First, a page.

At first glance, it looks like terrible news for app developers; market research from late August projected that 89% of all apps sold in 2012 would be free apps. For those of you who want to take apps to market, this doesn’t look like the best news. Compounding the “bad news,” 90% of the apps that users did buy were sold for $3 or less.
Before we tell you what it all means, we’re going to give you a few more stats. The total amount of apps downloaded in 2012 was projected at 45.62 billion, with 11% of them paid for. In 2013, this number is expected to increase to 81.42 billion, with 10% of them being paid apps. In 2014, the number is expected to rise to 131.67 billion, with 9% being paid apps. By 2016, the total downloads are expected to reach 309.61 billion, with “only” 7% of them paid.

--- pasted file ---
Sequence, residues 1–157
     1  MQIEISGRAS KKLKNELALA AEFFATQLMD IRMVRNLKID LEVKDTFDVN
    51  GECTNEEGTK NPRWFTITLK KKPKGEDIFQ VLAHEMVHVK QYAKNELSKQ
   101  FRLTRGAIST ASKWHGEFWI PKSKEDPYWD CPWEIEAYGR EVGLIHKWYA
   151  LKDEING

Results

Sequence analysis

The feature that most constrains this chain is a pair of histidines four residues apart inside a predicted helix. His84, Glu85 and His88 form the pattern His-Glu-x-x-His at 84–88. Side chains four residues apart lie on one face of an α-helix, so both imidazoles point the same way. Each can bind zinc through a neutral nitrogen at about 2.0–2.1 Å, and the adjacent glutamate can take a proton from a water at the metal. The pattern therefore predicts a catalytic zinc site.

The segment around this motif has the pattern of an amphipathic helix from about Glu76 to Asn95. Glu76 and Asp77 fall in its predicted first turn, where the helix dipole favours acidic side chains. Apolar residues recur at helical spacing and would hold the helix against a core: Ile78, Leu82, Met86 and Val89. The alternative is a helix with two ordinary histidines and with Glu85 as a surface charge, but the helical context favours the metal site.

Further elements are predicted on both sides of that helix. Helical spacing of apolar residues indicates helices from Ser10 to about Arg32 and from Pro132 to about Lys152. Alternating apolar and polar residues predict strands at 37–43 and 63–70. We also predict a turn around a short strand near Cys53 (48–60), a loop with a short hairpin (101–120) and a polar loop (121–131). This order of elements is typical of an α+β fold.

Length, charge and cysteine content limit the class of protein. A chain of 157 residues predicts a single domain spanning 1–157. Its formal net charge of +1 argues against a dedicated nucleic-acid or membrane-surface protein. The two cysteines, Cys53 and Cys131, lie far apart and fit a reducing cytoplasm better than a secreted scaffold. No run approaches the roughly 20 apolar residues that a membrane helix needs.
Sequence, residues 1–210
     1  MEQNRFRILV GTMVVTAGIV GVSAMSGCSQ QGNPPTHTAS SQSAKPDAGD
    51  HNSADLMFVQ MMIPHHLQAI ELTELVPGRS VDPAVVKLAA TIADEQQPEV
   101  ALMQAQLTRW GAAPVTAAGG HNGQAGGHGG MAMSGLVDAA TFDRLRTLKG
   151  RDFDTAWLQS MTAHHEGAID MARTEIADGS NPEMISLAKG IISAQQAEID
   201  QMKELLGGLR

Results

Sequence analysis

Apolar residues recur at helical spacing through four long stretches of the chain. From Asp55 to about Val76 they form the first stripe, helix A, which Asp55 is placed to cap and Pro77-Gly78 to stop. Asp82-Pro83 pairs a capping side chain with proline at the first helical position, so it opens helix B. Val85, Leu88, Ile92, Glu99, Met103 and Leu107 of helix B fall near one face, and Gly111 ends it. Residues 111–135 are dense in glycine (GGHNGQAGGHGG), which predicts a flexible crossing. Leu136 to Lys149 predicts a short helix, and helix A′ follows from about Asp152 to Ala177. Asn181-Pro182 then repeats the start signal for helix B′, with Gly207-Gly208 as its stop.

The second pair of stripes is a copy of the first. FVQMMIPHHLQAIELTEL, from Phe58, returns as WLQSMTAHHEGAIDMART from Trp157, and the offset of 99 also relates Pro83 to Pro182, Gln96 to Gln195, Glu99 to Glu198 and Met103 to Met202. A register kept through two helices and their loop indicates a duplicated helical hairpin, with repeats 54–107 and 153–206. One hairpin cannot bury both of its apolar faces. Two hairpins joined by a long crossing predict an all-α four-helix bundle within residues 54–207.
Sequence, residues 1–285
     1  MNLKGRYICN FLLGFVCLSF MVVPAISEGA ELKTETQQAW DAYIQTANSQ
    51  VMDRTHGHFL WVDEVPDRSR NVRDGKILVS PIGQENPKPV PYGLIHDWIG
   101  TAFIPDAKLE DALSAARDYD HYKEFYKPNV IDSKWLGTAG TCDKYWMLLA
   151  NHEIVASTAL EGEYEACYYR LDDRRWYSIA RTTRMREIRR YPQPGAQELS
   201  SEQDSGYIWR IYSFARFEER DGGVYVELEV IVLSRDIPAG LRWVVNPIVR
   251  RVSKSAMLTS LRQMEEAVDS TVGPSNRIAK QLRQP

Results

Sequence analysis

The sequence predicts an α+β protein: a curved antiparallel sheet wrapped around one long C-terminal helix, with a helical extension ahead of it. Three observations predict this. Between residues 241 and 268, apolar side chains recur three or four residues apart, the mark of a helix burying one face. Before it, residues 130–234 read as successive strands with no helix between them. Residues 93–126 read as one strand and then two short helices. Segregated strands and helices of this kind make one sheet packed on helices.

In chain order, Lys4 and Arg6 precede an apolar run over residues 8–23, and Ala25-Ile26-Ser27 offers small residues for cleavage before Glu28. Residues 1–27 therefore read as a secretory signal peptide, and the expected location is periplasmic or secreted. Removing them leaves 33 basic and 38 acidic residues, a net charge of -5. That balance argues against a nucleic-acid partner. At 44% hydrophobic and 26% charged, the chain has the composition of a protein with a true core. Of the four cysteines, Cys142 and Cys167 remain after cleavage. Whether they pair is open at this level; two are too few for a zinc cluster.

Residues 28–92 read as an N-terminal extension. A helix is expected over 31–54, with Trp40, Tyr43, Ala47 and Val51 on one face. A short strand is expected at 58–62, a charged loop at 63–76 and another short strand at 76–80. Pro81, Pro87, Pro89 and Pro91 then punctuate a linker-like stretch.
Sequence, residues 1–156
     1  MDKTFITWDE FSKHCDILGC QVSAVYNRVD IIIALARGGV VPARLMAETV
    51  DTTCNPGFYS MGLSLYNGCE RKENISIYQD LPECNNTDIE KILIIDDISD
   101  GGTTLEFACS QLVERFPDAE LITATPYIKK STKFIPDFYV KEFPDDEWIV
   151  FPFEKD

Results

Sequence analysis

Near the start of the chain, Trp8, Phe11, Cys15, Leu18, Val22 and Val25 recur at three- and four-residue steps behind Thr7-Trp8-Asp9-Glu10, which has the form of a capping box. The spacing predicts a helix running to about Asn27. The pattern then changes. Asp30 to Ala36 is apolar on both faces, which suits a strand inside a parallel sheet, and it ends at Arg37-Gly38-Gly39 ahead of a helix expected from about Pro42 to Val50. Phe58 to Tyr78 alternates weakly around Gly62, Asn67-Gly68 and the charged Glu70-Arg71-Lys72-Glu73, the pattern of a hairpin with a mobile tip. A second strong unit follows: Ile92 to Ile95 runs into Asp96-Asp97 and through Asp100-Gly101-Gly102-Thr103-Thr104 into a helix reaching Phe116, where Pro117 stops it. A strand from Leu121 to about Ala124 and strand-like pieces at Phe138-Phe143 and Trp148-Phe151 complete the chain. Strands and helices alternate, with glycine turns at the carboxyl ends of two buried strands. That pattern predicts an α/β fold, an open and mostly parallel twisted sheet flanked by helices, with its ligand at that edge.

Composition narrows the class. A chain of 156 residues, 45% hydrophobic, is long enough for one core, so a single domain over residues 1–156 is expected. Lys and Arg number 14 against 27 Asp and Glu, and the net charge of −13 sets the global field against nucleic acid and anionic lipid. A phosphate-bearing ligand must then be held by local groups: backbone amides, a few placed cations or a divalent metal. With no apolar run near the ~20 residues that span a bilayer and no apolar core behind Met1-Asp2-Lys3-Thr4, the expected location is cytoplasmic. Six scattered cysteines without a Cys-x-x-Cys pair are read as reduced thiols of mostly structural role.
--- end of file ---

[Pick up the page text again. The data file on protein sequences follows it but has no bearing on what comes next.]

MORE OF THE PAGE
So, why aren’t we worried? Let’s take a look at two numbers here. Within four years, there will be nearly 7 times as many apps sold. 11% of 45.62 billion works out to 5.02 billion apps. 7% of 309.61 billion comes out to 21.67 billion. That comes out to slightly four times as many paid apps in 2016 as there were in 2012.
Better yet, look at the total amount of apps. This represents a golden opportunity for app developers to sell to businesses. Many of the free apps on the market will turn out to be free apps for restaurants and retail businesses who want to make it easier for their customers to buy from them. And even a free app can make plenty of money for developers if they leverage advertising effectively.
So, contrary to the first impression of many, these projections are great news for everyone involved with app creation and development.
Another prediction, which is a no-brainer, is that iOS, Android, and Microsoft apps will constitute most of the market. Cross-platform apps are a “wild card” at this point, and we have no idea how much market share Microsoft will claim.
If Microsoft becomes an equal to Android and iOS, it will mean that more apps will have to be developed to keep up with the demand for all three platforms.
In other words: the paid app is not dead.